This familiarity is what the player lacked during their initial run through Destiny, when so many names were being dropped with little reason for the player to care. Even after reading Grimoire cards there’s just not enough information or repetition to sink into the player’s memory. Details will be vague instead, and only discovered after the player has discovered said race, location, or character. I wonder how many players have gone through the Vault of Glass raid without reading its Grimoire card? How many even know the significance of the raid or the events that occur within?

With this familiarity and Petra’s more emotive narration, I was capable of following along with the overall story of House of Wolves towards its finale. His plan to unite all of the Vandal Houses together a failure, Skolas instead attacks the Vex and steals some of their time travelling technology from the Vault of Glass. The climax of the expansion’s primary missions has them facing off not just Skolas’ House of Wolves, but Fallen of the House from across space and time, future and past.

The implications of Skolas’ new power are as exciting as they are intimidating. The scales in power could tip into the favor of the Wolves, not only providing the Fallen an advantage over all other foes, but to create a united Fallen force. Skolas’ behavior in the expansion suggests that the Houses may be working independently towards one goal, an independence that could bring about a civil war similarly to that seen in the final acts of Halo 2. This is the sort of event that would effect all factions within and surrounding Earth and the Traveller. For the first time within all of Destiny, the story feels as if it could go somewhere meaningful.

Until the mission end, that is. The player defeats Skolas, and he is sent back into the Prison of Elders. Captive once more, the House of Wolves are nothing more than fodder for adventurers to repeatedly kill in hopes of rewards to gain brand new gear. A continual grind to prepare for the next expansion, and then the expansion after that.

imageIf I am disappointed in House of Wolves, it is because it has shined a light on the flaw of Destiny. No matter what the lore or story is, Bungie will be unable to create truly meaningful events that have an impact on the world. Imagine if the expansion concluded with the House of Wolves feuding with the other houses. Earth, the Moon and Venus would suddenly be battlegrounds of Fallen against Fallen, or perhaps certain Houses would dominate certain territories. Even if the final mission was to free the Vex technology from Skolas’ hands, he would now have a greater strength in numbers. Imagine a fight back against the Reef for vengeance.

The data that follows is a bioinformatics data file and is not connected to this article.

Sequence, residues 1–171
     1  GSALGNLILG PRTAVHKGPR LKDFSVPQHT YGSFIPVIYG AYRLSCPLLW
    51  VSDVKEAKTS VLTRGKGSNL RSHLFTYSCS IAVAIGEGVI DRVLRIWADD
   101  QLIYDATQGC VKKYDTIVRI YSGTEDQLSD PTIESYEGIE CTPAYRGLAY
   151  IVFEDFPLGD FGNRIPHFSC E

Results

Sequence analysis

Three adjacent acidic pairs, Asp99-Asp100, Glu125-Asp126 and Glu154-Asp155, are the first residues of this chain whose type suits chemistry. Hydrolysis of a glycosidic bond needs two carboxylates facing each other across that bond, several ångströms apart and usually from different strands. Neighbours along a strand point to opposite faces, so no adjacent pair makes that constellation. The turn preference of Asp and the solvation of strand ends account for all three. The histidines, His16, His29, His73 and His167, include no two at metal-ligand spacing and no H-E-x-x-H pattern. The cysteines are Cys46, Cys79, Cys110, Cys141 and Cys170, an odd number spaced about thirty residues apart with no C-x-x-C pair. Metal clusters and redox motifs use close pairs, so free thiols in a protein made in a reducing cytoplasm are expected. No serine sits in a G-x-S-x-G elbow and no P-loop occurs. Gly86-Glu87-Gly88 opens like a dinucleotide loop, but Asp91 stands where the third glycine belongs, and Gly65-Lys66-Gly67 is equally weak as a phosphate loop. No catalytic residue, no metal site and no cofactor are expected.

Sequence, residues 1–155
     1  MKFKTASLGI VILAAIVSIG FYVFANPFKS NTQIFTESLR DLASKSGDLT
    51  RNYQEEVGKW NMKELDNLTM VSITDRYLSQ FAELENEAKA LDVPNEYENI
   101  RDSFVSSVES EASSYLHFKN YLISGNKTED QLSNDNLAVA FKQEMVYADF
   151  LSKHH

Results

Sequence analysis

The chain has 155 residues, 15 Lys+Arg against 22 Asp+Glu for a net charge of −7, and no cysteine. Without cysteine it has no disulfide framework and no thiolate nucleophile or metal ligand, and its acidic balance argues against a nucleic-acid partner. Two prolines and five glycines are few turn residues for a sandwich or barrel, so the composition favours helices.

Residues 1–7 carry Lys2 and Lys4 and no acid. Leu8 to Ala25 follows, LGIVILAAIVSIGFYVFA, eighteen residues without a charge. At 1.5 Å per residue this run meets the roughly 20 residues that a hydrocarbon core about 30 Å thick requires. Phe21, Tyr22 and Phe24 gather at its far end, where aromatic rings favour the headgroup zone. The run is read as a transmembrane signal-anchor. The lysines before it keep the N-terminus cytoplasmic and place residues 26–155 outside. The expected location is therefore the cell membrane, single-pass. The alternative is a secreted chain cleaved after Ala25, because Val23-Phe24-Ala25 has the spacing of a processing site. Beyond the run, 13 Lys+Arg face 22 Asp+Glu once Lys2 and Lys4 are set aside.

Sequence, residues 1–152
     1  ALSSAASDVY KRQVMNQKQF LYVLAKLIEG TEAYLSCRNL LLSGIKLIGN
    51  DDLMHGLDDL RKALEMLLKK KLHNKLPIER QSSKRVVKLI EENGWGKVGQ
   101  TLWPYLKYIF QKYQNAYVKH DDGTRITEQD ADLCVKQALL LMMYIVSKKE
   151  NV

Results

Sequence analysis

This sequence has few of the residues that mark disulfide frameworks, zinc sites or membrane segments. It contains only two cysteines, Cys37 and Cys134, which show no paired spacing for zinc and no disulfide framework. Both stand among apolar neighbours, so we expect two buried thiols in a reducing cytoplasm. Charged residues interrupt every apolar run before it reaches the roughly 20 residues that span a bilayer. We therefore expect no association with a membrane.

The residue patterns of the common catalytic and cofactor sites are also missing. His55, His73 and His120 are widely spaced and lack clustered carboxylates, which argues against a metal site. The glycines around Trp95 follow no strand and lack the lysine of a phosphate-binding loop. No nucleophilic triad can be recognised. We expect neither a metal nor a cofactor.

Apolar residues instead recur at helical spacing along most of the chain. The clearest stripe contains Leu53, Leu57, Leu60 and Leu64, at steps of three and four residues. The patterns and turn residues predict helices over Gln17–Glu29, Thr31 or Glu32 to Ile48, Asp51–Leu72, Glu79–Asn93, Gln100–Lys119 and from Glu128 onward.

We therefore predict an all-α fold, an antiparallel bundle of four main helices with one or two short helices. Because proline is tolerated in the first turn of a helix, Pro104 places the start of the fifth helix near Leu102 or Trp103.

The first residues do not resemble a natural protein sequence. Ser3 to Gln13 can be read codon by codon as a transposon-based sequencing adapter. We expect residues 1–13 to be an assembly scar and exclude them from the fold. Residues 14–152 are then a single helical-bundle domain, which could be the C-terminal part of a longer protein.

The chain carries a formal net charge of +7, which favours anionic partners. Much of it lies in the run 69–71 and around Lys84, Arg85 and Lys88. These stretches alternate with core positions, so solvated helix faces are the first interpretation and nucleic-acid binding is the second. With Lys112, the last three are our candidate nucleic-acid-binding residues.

This is all exciting for veteran players, but anyone picking up and starting a new character in Destiny would either be at a loss or populating a completely separate instance of the world. This is a game that relies on player interaction out in the wilderness, participating in public events together. Once that overworld content is targeted towards Veteran players, it pushes newer or lower-level players at an even greater disadvantage as well as creating some narrative inconsistencies. The best solution would be to put new players in a “pre-House” instance, would it not?

Unless there’s a constant stream of new players coming in, then that instance will always have a small population. While in some ways this could help the atmosphere of a deserted planet with few capable warriors, it will also increase the difficulty of public events. Perhaps experienced players in the inexperienced players’ fire team will be able to dive into that instance, but it will always be creating a narrative disconnect, as well as forcing experienced players to progress through easy and old content.

In order to have a new story that pushes the setting forward, Bungie must either inconvenience newer players or fracture the playerbase. Either way, the experience is less than ideal for new players, and could even drive them away before reaching the post-game content, which is where I’ve already stated the game really begins.

There is, of course, a third option. Move the setting forward in Destiny 2, with an all new story, new worlds, and all players being “reset back to zero”. Which, in truth, wouldn’t be much different than fracturing your userbase, but instead of modifying existing content heavily you’re creating all new content.

On the whole I like the House of Wolves expansion well enough, but as much as I love the gameplay to Destiny it also made clear the obvious grind I will have to go through with each expansion, and all for little thematic reward. In addition, each expansion will just release new gear and tools that will make it easier to boost my light level, making any work grinding now feel all the more worthless.

Finally, months after everyone else, I’ve found the disappointment within Destiny.